The official version states that the youngsters had taken four buses, but the investigation of the GIEI has demonstrated that the existence of a fifth bus had been omitted; this was concealed, and the investigation on this bus was later distorted. Based on public information from the United States’ Justice Department, we discovered a case in which heroin was trafficked from Iguala to Chicago with previously modified passenger buses. For the GIEI, the only hypothesis that could explain an attack of such scale would be if the youngsters, without their knowledge, took something much more important than some buses. Probably, they took the fifth bus, loaded with heroin or money, which would explain the severity of the operation, aiming at preventing the buses to ride out, and the growing aggression against them.

The truth can be uncomfortable, but it is also healing

Another key element was the explanation of the final fate of the students, given by the State. After a scientific study had been carried out by doctor Torero on the dynamics of the fire, the GIEI claimed that the massive burning of 43 bodies in this aforementioned setting, in open air and within 16 hours, could not have taken place. That the scientific data of the quantity of firewood, level of impact on the location, time, pyre type, satellite pictures, fire tests, eyewitnesses, etc. demonstrated that, what was described in the declarations of some of the defendants, was impossible. This conclusion was later supported by another expert report, carried out by the prestigious Equipo Argentino de Antropología Forense (EAAF, or Argentine Forensic Anthropology Team). As a consequence of this, the need to reopen some lines of investigation was claimed. The defendants, accused of being part of organised crime and whose declarations were the basis on which this version had been built, all showed serious indications of torture, according to a study, carried out by the GIEI and endorsed by the International Rehabilitation Council for Torture Victims (IRCT) from Denmark.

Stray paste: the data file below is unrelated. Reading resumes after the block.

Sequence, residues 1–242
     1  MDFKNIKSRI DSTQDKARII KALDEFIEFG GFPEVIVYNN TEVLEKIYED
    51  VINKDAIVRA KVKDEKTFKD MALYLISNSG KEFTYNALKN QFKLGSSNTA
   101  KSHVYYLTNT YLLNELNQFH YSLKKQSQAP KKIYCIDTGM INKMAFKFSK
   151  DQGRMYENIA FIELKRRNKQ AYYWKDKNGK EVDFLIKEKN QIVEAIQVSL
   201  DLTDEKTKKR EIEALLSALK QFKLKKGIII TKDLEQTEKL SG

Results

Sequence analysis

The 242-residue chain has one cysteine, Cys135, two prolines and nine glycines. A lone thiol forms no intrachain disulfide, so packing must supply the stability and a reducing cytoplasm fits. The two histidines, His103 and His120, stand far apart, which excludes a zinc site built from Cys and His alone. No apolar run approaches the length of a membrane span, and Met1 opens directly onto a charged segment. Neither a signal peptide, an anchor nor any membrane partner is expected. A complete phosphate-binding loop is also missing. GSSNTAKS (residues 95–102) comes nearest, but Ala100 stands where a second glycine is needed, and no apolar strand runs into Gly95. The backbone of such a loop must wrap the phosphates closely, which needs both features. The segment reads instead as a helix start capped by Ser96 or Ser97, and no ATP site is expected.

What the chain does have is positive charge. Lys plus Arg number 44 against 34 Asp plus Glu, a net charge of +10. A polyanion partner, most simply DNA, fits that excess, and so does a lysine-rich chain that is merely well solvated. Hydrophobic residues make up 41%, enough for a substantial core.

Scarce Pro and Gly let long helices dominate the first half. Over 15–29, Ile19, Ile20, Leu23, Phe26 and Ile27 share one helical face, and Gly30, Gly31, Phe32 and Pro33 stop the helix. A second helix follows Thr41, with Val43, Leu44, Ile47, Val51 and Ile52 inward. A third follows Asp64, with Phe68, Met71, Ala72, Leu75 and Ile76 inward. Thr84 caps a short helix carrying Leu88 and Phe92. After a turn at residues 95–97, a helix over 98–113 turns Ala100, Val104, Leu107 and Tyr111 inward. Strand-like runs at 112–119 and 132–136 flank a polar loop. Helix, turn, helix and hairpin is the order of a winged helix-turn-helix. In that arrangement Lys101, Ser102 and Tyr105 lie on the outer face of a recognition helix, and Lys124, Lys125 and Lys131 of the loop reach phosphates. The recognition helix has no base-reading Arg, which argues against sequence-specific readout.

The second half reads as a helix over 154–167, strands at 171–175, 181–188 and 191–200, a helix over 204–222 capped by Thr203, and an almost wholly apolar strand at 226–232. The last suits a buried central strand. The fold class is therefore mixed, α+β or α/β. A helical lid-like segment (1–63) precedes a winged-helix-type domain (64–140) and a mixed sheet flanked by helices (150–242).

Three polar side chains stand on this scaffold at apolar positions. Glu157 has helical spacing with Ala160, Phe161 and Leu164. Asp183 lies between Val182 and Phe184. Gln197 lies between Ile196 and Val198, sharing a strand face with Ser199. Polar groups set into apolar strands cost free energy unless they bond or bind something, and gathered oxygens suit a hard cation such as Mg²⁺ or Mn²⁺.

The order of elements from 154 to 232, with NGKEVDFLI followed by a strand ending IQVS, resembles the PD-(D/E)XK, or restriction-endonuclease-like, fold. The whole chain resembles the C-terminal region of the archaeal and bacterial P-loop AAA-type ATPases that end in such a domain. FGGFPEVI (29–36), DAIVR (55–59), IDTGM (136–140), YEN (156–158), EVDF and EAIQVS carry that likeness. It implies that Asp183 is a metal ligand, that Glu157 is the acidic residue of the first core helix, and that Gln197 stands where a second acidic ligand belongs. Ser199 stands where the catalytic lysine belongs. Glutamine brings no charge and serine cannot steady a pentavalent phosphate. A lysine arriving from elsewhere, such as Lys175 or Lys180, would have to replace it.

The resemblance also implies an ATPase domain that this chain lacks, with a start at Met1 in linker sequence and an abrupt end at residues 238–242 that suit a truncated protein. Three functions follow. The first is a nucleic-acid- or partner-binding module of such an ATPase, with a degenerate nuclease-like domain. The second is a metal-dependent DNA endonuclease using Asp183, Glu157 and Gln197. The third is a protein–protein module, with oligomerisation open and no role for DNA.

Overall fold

And finally, the GIEI, reviewing video recordings made during those days, discovered that the bag, found in the San Juan river with remainders of a bone, belonging to one of the missing students, Alexander Mora, had been manipulated, that other bags had been moved and that the scene of the river had been tampered with, the day before its official “discovery”; the GIEI also discovered the involvement of Tomás Zerón, the head of the Agencia de Investigación Criminal (Agency for Criminal Investigation), in these actions which had no legal basis whatsoever, nor could they be found in the records.

As the GIEI investigation progressed and the first report was made public, a campaign was started against the Group by some Mexican media channels and famous people. When it is not possible to question the reports, as in this case, the method of discrediting people is normally used. These attempts, in spite of their failure, brought along strong pressure on the group, and show the interest of very powerful people and groups in concealing the truth.

In April 2016, after the exit of the GIEI, a mechanism was created by the Inter-American Commission on Human Rights to supervise the compliance with the twenty recommendations and lines of investigation the Group had described in its second report. This mechanism will probably be operational, with periodic visits, until November 2017.